Fast Food – Bosnian Style
The old town is awash with two types of restaurants: Cevabdzinica and Buregdzinica. They serve two traditional Bosnian dishes, Cevap and Burek. Cevap is a grilled minced meat dish usually served with a large flat bun. Burek is a type of meat pie in which puff pastry is rolled around meat into a long log shape then laid in a spiral in a cast iron, lidded dish and cooked over coals and served with sour cream. I loved the burek.
Unfortunately, old town doesn’t offer much of anything else beyond Burek and Cevap except for the ubiquitous pizza which became a bit of a fallback dinner for us throughout the trip as I’ll document in a later pizza post. Sure there are a few other restaurants but the menus are almost all the same and, often, the non-Burek, non-Cevap meals we ordered were not available.
While the Bosnian cuisine wasn’t extremely varied, two things it had going for it were giant portions and meat-centricity. Joan had a perfectly breaded and grilled chicken breast while I had the stuff at right. This meat dish, called god knows what, was carnivorilicious. Basically it was spiced hamburger with an egg on top served with a massive flatbread. The care the chef took to avoid even the hint of vegetables in this meal is eye-watering.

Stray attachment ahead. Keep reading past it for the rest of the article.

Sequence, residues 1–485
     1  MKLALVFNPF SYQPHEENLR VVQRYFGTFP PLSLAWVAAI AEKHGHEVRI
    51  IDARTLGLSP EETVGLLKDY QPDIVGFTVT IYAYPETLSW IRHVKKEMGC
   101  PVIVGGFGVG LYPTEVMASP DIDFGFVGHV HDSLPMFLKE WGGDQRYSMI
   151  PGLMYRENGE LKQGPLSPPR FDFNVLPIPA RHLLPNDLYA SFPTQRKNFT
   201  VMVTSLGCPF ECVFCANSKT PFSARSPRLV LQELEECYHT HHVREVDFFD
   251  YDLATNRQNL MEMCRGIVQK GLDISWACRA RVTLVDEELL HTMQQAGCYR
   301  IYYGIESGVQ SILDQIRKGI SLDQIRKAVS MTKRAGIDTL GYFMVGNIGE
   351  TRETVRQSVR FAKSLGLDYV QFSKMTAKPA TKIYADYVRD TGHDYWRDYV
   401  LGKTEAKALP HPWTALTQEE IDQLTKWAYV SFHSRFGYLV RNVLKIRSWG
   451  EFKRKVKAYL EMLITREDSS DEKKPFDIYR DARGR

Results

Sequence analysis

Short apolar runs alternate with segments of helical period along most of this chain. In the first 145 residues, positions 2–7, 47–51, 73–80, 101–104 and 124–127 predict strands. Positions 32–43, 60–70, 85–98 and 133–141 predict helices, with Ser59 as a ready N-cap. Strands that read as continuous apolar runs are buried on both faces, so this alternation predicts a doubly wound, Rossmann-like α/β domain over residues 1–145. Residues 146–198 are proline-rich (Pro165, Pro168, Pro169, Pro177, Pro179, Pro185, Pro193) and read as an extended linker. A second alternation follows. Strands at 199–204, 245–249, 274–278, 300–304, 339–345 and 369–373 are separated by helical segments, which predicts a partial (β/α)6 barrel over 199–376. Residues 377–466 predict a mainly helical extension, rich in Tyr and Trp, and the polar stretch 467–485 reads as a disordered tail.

It’s Brewery, Stupid
Being a bit of a beer fanatic, I convinced my non-beer drinking love that we must visit the Sarajevska Pivara (brewery). I insisted it was purely an educational visit to see this historic site. During the Siege of Sarajevo, there were only two manufacturing facilities that operated continuously through those horrific 46 months, the brewery and the cigarette factory.
The interior of the bar was incredibly ornate with dark woods and giant beams. I had an excellent beer while Joan had the house wine which did not make her gag. She’d been served Croatian wine everywhere else and it had been hideous so this was a nice surprise although even the most unsophisticated sommelier would consider “not gagging” as faint praise indeed.
I was well into my second or third large ale when I had the brilliant idea that we should have dinner there. After all, they had a pretty extensive, non-burek/cevap menu and looked pretty fancy so how bad could it be? Answer: Pretty bad. Well, I don’t go to a ball game expecting quality beer so why did I go to a brewery expecting quality cuisine? Answer: Because they had beer (same reason I’d go to a ball game, actually).